M.I.A.‘s second album was a landmark: an agitprop dance record that restyled hip-hop as one big international block party, mixing up beatbox riddims, playground rhymes, left-field samples and gunshots. It was also, against all odds, a hit, which spawned a huge single and transformed M.I.A. from a cult heroine to an A-lister.
Hits were the furthest thing from Maya Arulpragasam’s mind, though, when she began work on Kala. “I don’t know what people expected of me on my second album, but I wanted it to be difficult,” M.I.A. recalled. “I get really pissed-off, and want to do anything but make easy music.”
She had reason to be pissed-off. M.I.A. had just finished a tour of Japan in support of her debut album, Arular, which had established the 30-year-old Anglo-Sri Lankan as one of music’s sharpest new talents, a rapper-producer who combined beat-savvy and insurgent punk attitude to make clattery, catchy, politically-pointed dance music. She lived in the U.S. – she had an apartment in Brooklyn – and had planned to return to the States to work with mega-producer Timbaland on album number two. But when she went to the U.S. Embassy in her native London to get her visa renewed, she was told that her paperwork was insufficient. Finally, after months of “getting the runaround,” M.I.A. was told she’d been denied re-entry to the U.S. because she matched the profile of a terrorist. “Suddenly, I was this citizen of the Other World – someone completely threatening and disgusting who, you know, might blow up the Super Bowl. ‘Oh no, she said the word ‘P.L.O.’ in a song!’ So [Kala] became about being an outsider voice.”
It also became a travelogue. M.I.A. embarked on a globetrotting journey, gathering up the sounds of five continents. She recorded in India and Angola, in Australia and Trinidad and Jamaica. She worked with British fidget-house producer Switch, with Nigerian-born, London-based rapper Afrikan-Boy, with the Baltimore club fixture DJ Blaqstarr. The music flitted between hip-hop, soca, dub, punk, and an array of other styles; there were interpolations of songs by Jonathan Richman, The Pixes and, in “Jimmy,” a refrain from”Jimmy Jimmy Aaja,” a soundtrack chestnut from the 1982 Bollywood movie Disco Dancer, a memento of her childhood. (Young Maya used to sing it for her family in Sri Lanka when she visited on holidays.) “Every song has a layer of some other country on it,” she said. “It’s like making a big old marble cake with lots of different countries and influences.”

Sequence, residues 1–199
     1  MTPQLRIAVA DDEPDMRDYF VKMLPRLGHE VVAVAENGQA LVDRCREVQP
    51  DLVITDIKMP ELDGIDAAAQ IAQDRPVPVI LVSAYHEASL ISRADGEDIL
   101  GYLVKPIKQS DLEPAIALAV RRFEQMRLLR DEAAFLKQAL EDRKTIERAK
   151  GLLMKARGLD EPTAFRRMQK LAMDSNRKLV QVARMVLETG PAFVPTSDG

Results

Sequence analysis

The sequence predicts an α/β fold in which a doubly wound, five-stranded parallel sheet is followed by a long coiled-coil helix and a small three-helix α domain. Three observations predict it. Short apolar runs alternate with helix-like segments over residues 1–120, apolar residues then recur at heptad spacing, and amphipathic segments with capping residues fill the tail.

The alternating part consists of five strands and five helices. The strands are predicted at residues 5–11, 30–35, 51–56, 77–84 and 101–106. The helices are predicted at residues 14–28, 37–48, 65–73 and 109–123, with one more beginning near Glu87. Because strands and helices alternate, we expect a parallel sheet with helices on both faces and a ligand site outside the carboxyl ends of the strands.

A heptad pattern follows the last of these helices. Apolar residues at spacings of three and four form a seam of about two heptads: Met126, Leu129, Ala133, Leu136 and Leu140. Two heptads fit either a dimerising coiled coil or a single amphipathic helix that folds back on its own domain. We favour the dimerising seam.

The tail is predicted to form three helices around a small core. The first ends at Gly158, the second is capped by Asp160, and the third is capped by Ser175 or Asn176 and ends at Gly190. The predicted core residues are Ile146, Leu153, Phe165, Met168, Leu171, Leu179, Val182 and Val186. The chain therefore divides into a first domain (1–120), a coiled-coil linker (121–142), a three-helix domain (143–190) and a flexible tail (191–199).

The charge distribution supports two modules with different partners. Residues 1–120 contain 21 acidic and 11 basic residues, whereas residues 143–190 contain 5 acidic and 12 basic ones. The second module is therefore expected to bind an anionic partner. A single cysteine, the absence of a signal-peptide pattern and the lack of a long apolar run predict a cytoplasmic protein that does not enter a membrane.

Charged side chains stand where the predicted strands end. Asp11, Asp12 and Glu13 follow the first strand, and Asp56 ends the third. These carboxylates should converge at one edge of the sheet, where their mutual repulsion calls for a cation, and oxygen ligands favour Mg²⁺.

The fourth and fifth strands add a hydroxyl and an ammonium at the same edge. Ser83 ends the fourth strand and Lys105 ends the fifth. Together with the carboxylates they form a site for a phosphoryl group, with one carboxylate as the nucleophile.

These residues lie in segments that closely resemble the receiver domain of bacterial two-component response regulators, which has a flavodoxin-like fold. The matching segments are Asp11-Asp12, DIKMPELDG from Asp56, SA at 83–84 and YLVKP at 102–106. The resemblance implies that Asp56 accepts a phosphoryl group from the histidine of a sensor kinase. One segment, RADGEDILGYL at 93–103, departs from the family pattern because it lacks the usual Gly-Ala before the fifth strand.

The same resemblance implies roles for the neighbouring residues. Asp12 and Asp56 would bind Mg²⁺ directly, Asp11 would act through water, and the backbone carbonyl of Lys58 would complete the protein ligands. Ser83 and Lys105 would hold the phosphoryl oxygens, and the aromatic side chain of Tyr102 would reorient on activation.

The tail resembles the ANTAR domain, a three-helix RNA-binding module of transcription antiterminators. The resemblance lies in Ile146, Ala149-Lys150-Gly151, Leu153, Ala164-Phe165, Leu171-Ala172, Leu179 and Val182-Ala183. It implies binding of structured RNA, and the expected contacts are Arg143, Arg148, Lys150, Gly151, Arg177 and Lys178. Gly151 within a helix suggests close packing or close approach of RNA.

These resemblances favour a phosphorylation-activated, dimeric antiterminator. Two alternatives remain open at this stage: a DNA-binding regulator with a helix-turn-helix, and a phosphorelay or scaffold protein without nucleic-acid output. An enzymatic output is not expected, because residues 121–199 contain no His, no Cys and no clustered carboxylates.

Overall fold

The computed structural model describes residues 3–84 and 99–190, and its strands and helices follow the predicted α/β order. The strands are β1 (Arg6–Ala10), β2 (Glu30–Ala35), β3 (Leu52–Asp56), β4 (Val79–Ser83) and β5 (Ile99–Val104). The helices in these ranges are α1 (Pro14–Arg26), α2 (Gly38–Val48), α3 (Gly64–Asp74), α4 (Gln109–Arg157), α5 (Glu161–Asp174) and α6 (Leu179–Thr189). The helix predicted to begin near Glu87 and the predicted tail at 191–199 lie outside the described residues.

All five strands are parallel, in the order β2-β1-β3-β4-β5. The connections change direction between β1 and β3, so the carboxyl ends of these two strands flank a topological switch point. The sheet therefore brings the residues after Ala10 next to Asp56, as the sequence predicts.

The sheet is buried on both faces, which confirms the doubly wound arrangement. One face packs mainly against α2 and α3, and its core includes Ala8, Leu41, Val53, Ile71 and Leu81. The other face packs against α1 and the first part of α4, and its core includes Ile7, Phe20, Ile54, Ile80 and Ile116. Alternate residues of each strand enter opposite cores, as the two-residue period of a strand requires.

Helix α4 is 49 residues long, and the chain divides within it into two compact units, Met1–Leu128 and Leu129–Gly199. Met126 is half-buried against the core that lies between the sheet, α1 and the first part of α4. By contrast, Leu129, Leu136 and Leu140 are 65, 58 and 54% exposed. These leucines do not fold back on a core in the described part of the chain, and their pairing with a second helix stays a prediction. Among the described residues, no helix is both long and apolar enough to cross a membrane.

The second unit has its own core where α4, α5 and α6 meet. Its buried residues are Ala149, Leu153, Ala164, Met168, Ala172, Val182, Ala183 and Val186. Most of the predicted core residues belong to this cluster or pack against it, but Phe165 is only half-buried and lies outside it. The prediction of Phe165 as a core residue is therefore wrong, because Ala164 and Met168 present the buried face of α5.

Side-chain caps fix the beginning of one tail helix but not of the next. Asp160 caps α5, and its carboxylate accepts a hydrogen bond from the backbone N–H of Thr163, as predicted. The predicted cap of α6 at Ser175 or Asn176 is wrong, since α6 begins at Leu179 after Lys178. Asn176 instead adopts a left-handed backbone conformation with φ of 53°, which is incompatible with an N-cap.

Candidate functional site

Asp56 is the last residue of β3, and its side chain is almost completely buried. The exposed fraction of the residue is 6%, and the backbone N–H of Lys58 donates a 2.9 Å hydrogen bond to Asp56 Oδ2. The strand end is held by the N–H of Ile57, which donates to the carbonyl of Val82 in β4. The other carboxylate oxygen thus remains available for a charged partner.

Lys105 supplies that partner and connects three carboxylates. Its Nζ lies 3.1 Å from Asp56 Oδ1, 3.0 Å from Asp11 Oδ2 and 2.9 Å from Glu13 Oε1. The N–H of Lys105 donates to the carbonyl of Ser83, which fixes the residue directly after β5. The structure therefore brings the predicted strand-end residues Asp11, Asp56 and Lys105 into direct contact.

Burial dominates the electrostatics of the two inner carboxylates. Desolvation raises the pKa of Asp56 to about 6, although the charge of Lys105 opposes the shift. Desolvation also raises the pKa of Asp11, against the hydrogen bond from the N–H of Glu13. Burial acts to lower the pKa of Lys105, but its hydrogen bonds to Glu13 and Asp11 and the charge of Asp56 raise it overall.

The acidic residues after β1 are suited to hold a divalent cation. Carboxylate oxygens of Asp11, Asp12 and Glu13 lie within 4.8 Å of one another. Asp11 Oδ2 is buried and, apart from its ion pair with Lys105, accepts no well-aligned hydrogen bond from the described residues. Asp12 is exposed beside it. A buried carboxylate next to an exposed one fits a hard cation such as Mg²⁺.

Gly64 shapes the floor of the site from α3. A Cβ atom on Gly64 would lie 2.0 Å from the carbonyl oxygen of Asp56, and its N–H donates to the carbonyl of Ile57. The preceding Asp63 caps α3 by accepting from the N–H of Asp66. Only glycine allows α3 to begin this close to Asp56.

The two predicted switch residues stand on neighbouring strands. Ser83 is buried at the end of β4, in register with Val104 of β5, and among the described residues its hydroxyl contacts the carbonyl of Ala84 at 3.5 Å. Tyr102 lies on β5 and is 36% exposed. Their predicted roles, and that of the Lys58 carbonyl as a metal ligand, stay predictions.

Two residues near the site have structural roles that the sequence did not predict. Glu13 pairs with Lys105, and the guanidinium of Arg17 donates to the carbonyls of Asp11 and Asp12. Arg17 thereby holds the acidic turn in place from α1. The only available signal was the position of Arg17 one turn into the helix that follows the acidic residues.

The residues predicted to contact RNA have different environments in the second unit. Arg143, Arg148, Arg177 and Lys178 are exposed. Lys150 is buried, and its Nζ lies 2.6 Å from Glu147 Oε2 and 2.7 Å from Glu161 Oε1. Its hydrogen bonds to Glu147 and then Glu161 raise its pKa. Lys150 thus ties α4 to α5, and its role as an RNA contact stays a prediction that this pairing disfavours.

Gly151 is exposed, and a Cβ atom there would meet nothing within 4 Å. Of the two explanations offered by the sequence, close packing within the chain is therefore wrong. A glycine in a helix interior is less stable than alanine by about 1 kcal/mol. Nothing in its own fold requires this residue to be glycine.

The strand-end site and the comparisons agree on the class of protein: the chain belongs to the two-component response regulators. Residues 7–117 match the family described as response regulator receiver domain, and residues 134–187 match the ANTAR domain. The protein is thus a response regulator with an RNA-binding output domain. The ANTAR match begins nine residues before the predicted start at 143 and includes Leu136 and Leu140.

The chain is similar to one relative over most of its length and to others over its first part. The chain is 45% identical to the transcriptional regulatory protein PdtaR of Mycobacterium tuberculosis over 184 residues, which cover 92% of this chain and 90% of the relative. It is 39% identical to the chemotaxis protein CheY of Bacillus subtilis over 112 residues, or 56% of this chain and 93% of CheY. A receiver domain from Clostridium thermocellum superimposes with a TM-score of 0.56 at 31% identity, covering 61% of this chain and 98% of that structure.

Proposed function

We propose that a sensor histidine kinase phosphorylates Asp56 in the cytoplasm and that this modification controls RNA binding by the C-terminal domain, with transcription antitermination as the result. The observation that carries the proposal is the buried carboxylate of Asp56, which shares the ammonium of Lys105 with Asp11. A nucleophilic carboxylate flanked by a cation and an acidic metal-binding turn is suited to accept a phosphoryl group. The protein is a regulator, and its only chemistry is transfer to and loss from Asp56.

For “Bird Flu,” M.I.A. harnessed the power of South Indian percussion: “30 drummers in a room” playing an instrument called the urmi, a which is used in temple rituals. The result, M.I.A. recalled, was “a massive beat – the total opposite of the snap beat sound that was popular in the U.S. at that time. People kept telling me: That record is going to clear the dance floor.”
The lyric matched the thunderous sound, rap boasts that summed up Kala‘s themes of “outsider” pride, resiliency, a jaundiced view of power and privilege from the hardscrabble streets of the global south: “Big on the underground/What’s the point of knocking me down?/Everybody knows/I’m already good on the ground.”
Other songs were still more of a global mash-up. For “Boyz” – a delirious playground chant that morphs into an essay on gender and violence – M.I.A. recorded the beat in India and the vocals in Trinidad, before adding more tracks back in India. (She shot the video in Jamaica.) And then there’s Kala‘s signature hit, M.I.A.’s blockbuster commercial breakthrough “Paper Planes,” which stitches together gunshot and ringing cash register sound effects with that unmistakable snippet from the Clash’s “Straight to Hell.” (The Clash sample was the brainchild of M.I.A.’s ex, the globally-minded Philadelphia beat-guru Diplo.) The beat was catchy, but the message was uncompromising, a satire of the American capitalism (and American anti-immigrant hysteria), inspired by M.I.A.’s immersion in New York and Baltimore street culture. “‘Paper Planes’ is a really Baltimore/Brooklyn song for me,” she said.
Eventually, M.I.A. sorted out her visa problems and made it back to the U.S. In the end, one Timbaland track, “Come Down,” made the album, and it was Kala‘s weakest song – pallid and generic next to the weird, vibrant, fierce music that M.I.A. had concocted in her continent-hopping exile. “It’s a hard album sonically,” she said. “And it’s hard in terms of what it stands for.”